and those of other hon. Members are entitled to know what will happen to the future of a vital industry in Scotland, and they are entitled to know tonight.
If the issue is to be left to market forces, and if Mr. Miller is to be allowed to import 2 million to 3 million tonnes of coal, he may be able to proceed without necessarily influencing and jacking up world prices, although I have doubts about that. Lord Marshall of the CEGB could not import 65 million tonnes of coal without having an effect on world prices. It would seem that my hon. Friend the Member for Garscadden is correct: the interests of the nation lie in security of supply, not the short-run equilibrium of supply and demand.
Mr. Miller, who does not now desire to connive with British Coal, had previously to sit down and reach long-term contractural agreements with British Coal to safeguard the supply. If that is not a vital responsibility for people with the national interest of all Scotland and the United Kingdom at heart, I do not know what is.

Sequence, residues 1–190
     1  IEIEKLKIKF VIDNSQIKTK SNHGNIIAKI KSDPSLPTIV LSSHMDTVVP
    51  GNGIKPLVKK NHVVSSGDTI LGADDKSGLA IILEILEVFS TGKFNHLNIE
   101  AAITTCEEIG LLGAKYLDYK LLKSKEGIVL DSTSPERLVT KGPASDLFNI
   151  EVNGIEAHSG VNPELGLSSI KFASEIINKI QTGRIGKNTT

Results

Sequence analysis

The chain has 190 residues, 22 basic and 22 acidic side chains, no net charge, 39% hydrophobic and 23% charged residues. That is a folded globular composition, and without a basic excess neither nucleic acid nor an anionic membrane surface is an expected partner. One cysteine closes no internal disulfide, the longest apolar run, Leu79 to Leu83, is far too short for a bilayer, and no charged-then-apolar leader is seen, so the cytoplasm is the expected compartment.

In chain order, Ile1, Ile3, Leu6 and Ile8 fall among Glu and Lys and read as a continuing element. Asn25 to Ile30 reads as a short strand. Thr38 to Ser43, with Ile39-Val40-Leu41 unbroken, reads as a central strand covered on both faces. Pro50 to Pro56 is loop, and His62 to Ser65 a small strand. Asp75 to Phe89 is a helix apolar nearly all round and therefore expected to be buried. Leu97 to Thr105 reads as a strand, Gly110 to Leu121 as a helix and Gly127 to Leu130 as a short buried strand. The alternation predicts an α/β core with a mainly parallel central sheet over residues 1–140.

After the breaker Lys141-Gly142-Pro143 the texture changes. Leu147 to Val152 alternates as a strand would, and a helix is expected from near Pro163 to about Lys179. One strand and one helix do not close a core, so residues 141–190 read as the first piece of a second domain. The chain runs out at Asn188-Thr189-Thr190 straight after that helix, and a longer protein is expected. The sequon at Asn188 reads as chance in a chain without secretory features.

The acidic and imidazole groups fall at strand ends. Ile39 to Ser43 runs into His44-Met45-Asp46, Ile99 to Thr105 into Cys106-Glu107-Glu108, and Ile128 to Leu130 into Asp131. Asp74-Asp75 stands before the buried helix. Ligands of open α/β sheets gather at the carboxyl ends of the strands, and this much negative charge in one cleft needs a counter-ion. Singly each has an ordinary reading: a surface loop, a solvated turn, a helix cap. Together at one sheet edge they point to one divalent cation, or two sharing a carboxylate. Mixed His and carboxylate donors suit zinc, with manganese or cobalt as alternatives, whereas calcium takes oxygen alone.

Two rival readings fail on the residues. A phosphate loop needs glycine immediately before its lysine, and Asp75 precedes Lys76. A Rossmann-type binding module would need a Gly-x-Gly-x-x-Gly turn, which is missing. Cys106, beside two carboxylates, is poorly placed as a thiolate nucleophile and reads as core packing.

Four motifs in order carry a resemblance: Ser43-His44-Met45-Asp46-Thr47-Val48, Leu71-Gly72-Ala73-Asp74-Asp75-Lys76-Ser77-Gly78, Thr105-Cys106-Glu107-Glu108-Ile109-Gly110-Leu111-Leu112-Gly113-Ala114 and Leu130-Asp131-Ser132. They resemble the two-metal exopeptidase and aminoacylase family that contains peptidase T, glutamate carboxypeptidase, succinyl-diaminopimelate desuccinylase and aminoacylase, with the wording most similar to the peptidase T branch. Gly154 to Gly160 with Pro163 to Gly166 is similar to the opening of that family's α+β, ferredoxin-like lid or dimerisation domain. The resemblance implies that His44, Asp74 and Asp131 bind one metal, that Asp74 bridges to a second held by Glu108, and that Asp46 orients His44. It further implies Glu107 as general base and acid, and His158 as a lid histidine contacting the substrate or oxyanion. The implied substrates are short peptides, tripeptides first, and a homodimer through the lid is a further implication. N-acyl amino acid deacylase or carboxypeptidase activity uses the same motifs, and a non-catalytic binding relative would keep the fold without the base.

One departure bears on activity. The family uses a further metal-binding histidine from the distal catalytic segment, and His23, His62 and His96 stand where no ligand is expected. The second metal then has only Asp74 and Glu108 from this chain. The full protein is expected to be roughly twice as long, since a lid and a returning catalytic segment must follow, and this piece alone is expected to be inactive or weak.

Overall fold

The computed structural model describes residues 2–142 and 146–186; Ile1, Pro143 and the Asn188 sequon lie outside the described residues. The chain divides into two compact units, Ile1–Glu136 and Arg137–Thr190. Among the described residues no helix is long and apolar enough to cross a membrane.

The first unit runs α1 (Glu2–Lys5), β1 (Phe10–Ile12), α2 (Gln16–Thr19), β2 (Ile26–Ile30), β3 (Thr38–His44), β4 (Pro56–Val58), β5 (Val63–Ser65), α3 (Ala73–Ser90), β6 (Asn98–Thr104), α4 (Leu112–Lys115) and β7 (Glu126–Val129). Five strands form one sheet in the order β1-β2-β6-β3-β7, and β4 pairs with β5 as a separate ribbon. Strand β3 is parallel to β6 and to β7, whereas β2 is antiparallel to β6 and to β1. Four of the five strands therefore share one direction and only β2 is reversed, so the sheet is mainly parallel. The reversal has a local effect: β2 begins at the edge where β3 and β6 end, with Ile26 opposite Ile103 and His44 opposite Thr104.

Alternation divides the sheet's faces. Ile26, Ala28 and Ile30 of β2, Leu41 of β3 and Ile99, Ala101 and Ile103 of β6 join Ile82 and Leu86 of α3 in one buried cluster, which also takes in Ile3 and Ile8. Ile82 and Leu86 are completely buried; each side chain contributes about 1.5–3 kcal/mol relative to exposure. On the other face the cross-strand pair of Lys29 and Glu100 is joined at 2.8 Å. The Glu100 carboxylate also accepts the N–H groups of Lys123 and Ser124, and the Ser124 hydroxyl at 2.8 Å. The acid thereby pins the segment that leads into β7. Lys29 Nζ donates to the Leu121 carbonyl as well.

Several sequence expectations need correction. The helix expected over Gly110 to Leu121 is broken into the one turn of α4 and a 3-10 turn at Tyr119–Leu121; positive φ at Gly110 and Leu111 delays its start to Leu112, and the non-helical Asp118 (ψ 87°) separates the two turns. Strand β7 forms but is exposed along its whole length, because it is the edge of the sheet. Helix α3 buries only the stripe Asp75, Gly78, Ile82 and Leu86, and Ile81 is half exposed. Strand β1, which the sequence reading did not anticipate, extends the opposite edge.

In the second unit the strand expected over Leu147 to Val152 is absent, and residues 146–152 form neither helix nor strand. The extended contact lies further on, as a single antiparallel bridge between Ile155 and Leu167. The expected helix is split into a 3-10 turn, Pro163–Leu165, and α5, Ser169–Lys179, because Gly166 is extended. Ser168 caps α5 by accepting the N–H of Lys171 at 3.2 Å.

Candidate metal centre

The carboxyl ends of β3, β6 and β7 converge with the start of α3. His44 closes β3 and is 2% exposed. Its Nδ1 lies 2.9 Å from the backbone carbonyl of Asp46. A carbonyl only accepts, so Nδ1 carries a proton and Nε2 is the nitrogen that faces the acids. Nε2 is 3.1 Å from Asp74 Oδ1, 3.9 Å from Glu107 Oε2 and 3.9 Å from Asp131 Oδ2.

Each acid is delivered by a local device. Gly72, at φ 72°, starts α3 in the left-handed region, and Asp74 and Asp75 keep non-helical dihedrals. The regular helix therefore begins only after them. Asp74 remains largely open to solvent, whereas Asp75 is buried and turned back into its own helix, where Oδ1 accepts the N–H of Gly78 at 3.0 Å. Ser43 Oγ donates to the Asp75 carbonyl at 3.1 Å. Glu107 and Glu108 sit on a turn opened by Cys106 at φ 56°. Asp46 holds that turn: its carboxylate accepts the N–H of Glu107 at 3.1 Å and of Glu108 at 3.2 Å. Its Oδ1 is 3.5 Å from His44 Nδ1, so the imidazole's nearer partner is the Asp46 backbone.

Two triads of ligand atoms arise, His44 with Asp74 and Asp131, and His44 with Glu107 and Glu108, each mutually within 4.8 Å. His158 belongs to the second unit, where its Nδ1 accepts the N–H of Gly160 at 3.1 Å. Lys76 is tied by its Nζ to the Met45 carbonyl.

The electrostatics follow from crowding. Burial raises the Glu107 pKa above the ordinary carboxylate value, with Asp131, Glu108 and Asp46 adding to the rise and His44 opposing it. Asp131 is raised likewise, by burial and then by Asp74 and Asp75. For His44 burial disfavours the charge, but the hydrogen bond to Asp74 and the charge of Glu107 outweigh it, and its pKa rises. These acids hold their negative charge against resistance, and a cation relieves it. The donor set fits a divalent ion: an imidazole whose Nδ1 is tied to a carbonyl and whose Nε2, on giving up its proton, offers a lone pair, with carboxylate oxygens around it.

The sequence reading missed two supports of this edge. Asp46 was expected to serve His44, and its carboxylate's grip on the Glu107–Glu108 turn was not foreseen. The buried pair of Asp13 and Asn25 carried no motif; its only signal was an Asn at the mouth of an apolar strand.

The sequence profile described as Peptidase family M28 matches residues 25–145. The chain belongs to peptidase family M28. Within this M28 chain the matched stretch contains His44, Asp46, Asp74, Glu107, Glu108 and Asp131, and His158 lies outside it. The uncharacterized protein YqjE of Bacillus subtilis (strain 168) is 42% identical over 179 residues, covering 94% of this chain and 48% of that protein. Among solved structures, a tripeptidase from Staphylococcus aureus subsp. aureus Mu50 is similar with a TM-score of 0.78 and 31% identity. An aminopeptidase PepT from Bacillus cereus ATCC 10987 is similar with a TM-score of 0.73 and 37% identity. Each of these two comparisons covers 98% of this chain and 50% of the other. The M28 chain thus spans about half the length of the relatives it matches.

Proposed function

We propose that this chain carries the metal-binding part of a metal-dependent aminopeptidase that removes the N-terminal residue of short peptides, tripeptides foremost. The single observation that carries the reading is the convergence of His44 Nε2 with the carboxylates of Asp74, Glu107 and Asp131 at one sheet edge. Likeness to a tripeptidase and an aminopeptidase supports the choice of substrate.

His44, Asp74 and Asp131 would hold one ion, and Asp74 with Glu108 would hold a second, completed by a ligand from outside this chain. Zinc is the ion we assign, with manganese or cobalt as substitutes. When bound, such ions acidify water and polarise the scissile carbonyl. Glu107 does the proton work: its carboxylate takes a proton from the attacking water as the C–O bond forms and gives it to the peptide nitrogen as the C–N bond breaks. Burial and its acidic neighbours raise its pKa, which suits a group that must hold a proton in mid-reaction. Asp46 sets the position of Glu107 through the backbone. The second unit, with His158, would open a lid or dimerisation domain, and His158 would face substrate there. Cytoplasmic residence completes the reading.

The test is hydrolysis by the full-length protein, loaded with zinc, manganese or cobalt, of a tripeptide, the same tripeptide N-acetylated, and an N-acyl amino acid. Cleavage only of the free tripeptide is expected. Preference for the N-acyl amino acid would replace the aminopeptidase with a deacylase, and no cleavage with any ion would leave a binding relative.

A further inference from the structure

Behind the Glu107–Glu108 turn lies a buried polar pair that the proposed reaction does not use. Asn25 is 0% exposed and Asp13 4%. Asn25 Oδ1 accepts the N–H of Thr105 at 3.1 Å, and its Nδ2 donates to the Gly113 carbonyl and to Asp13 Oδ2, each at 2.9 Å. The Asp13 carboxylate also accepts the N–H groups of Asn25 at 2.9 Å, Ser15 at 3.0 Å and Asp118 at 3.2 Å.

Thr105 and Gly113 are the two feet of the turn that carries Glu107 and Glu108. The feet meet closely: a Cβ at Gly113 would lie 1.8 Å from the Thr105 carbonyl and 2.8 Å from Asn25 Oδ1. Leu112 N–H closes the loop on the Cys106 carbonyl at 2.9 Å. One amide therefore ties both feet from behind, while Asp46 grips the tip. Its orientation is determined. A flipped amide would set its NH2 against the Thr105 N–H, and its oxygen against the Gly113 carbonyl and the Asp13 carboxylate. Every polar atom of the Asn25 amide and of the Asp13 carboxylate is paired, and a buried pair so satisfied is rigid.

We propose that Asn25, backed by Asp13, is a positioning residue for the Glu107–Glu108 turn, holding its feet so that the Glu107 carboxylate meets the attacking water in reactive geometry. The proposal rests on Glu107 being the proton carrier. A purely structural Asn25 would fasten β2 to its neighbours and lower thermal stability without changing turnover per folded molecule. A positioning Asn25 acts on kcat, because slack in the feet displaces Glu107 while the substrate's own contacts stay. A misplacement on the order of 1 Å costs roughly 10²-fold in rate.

I have heard a lot of rubbish about what happened in the miners' strike and how we broke the miners' strike because we had nuclear power. Unfortunately, the breaking of the miners had a lot to do with the public sector. A major reason for the miners being broken in the strike—they were not humiliated, because they preserved their dignity—was the imposition and unification of what was tantamount to a national police force. When it suits them, the Government can misuse the public sector. We are interested in using the public sector for the long-term benefit of the people of this country.